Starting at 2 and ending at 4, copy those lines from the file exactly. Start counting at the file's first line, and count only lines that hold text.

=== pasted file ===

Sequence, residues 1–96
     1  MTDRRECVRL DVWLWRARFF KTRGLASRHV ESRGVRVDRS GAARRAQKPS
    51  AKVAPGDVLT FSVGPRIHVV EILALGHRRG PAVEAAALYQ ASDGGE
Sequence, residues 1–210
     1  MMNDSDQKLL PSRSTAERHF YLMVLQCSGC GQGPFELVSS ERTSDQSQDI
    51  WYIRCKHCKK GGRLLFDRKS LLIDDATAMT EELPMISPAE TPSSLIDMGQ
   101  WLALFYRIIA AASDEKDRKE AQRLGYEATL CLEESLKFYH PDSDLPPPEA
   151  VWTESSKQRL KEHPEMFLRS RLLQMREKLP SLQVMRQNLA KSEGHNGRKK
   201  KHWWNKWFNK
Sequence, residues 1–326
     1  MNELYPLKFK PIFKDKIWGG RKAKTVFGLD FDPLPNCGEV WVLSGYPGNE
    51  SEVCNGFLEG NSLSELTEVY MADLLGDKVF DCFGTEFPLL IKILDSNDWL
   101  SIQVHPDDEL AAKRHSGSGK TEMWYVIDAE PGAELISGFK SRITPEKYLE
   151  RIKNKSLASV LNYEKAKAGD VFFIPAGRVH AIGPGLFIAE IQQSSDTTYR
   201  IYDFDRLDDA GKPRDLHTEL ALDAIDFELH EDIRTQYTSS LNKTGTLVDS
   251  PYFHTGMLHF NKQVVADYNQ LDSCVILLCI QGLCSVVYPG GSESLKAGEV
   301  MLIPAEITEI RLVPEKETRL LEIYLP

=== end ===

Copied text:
     1  MTDRRECVRL DVWLWRARFF KTRGLASRHV ESRGVRVDRS GAARRAQKPS
    51  AKVAPGDVLT FSVGPRIHVV EILALGHRRG PAVEAAALYQ ASDGGE
Sequence, residues 1–210